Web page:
UK Labour Set Up Parliamentary Group With Far-Left Hope Not Hate

Nick Lowles Hope Not Hate

Over 30 Labour Party MPs have joined a new parliamentary group to “support and champion” the work of the far-left George Soros’ Open Society Foundations-cash recipient “anti-hate” group Hope not Hate.

The “Labour Hope not Hate Parliamentary Group” will be chaired by Barnsley East MP Stephanie Peacock, according to an announcement made by the far-left activist group on Twitter Tuesday.

According to the far-left activist group, the new Labour group will “campaign in Parliament on key issues in the fight against fascism, the far-right & extremism.”

Ms Peacock announced her participation in the group in an article published Tuesday in which she called for action against far-right groups online claiming young people, especially are being radicalised on the internet.

Peacock blamed “unregulated online spaces” such as the video platform Bitchute and the messaging app Telegram for spreading “hate and misinformation” and added, “It has led to a spiral of increasing extremism and international mass murder such as the Christchurch mosque attack.”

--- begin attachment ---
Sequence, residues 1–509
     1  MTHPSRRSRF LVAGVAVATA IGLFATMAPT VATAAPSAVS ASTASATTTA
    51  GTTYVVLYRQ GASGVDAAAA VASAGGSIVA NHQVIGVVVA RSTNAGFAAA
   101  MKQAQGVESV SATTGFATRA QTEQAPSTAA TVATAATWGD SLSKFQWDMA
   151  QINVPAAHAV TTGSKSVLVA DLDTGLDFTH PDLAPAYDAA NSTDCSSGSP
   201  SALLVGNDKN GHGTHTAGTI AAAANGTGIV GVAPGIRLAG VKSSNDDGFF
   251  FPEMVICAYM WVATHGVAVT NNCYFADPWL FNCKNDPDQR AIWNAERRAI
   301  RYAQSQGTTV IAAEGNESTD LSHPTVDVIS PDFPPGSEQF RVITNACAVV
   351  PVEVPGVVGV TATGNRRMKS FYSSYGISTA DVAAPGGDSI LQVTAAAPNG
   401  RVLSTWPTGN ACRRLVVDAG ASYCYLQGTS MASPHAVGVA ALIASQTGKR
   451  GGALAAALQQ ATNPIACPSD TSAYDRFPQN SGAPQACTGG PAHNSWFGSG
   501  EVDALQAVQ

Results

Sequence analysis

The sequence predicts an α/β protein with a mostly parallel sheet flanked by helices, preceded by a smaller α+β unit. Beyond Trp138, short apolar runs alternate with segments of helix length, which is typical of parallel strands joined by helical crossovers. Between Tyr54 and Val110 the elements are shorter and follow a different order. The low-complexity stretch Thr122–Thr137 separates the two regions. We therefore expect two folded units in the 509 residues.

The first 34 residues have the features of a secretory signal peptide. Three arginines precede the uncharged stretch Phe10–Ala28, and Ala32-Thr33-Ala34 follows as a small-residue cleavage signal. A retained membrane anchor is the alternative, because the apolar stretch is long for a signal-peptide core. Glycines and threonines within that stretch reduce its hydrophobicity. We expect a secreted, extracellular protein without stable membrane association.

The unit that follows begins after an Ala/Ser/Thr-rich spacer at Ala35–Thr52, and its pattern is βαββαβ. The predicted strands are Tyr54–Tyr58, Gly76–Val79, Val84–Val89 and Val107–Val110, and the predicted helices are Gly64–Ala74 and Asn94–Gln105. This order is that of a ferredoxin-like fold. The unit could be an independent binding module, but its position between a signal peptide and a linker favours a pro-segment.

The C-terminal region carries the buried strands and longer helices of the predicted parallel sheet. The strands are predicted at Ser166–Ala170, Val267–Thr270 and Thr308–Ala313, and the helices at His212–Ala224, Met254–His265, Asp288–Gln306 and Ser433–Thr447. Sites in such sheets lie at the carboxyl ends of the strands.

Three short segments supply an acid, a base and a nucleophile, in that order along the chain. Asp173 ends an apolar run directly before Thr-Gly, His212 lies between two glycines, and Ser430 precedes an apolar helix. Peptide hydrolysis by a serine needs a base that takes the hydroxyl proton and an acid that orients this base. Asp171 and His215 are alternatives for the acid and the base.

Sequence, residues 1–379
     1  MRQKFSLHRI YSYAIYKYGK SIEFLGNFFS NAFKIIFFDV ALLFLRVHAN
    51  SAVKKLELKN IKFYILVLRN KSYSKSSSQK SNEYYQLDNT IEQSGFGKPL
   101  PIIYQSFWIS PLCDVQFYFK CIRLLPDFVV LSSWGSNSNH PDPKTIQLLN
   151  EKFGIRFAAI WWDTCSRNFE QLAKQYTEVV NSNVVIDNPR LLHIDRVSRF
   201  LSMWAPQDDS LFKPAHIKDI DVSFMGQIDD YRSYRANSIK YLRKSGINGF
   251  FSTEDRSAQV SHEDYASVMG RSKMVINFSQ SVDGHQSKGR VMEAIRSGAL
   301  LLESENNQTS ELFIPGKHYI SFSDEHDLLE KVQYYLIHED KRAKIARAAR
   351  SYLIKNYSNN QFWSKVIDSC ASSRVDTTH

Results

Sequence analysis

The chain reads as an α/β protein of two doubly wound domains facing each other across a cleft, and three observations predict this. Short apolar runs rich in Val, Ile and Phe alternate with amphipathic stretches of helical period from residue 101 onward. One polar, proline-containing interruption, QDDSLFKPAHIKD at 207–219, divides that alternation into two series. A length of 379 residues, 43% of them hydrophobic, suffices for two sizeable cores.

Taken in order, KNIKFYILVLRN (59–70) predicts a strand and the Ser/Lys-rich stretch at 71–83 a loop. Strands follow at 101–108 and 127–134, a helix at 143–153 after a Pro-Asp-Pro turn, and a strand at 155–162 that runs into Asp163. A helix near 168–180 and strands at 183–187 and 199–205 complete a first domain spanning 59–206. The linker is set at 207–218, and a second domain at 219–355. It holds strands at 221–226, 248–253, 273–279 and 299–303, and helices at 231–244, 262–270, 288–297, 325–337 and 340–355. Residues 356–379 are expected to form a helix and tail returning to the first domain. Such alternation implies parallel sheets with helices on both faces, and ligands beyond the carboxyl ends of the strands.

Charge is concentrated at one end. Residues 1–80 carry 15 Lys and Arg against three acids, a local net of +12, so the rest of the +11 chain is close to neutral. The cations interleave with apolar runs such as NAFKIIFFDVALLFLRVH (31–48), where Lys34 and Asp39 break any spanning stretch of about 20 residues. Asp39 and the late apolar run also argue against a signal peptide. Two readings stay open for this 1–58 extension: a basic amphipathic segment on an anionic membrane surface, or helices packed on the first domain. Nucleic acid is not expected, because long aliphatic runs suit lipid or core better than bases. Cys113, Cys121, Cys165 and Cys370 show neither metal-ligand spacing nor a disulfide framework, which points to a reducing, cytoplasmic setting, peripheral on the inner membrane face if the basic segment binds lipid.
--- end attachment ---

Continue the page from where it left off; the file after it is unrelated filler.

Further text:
She also claimed that U.S. President Donald Trump had “embraced the worst impulses of nationalism and xenophobia,” and added repeated to “very fine people” hoax which has been debunked many times in the past.

While the new project is supported by the deputy leader of the Labour Party Angela Rayner, who is listed under “supporters and champions”, Labour leader Sir Keir Starmer’s name did not appear in the announcement.

Starmer posted a supportive Tweet of the far-left group in May of this year, however, and publicly bent the knee to the Black Lives Matter movement in June but later backtracked on his support for the movement.

The Labour Hope not Hate parliamentary group’s foundation comes after its director and campaigner Ruth Smeeth lost her parliamentary seat for Stoke-On-Trent in the 2019 election.

Hope not Hate have received funding from left-wing Hungarian-American billionaire George Soros’s Open Society Foundation in the past and have caused controversy after calling for a ban on books at several UK retailers.

The book ban was slammed by anti-extremism activist Maajid Nawaz who said, “It’s said: ‘Those who start by burning books, finish by burning people’. How are you any different to those imbeciles demanding the Quran be banned in Europe? Get a grip!”

In 2018, the Swedish Defence Research Agency (FOI) included the group in a report on far-left and anarchist extremism alongside the Swedish Expo Foundation, which has also been funded by Mr Soros’ Open Society Foundations in the past.

The FOI report states that far-left extremists often rely on and request information on right-wing opponents from groups like Hope not Hate and Expo saying, ” They want to hold to account in some way (for example by visiting people’s homes with threats and harassment) and sometimes they want information, names and pictures, to publicly identify those involved in nationalist movements.”

Follow Chris Tomlinson on Twitter at @TomlinsonCJ or email at ctomlinson(at)


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